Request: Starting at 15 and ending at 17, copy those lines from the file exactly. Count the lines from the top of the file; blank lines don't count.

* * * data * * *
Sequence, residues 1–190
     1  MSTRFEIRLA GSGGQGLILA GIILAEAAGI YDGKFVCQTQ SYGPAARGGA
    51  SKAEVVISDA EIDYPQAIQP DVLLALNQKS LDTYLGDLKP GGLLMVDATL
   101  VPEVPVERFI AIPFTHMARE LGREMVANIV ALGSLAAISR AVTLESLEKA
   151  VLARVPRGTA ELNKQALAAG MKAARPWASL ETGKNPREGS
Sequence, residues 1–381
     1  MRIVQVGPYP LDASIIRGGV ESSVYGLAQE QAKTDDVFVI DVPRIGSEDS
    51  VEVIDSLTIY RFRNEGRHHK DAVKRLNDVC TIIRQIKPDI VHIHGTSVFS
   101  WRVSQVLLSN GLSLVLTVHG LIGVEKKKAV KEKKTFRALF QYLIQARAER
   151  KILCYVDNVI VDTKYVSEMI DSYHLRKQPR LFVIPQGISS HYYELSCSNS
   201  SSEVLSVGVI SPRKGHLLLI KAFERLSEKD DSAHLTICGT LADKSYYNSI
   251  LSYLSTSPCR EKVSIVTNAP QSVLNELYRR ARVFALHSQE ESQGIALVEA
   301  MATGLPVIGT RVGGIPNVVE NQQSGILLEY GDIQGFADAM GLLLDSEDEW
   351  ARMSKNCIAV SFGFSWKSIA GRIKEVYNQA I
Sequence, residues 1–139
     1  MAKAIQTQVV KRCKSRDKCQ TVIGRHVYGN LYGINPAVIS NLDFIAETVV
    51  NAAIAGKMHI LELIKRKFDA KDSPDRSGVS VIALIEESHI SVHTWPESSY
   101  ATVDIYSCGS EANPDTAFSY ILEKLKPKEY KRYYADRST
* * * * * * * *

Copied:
Sequence, residues 1–139
     1  MAKAIQTQVV KRCKSRDKCQ TVIGRHVYGN LYGINPAVIS NLDFIAETVV
    51  NAAIAGKMHI LELIKRKFDA KDSPDRSGVS VIALIEESHI SVHTWPESSY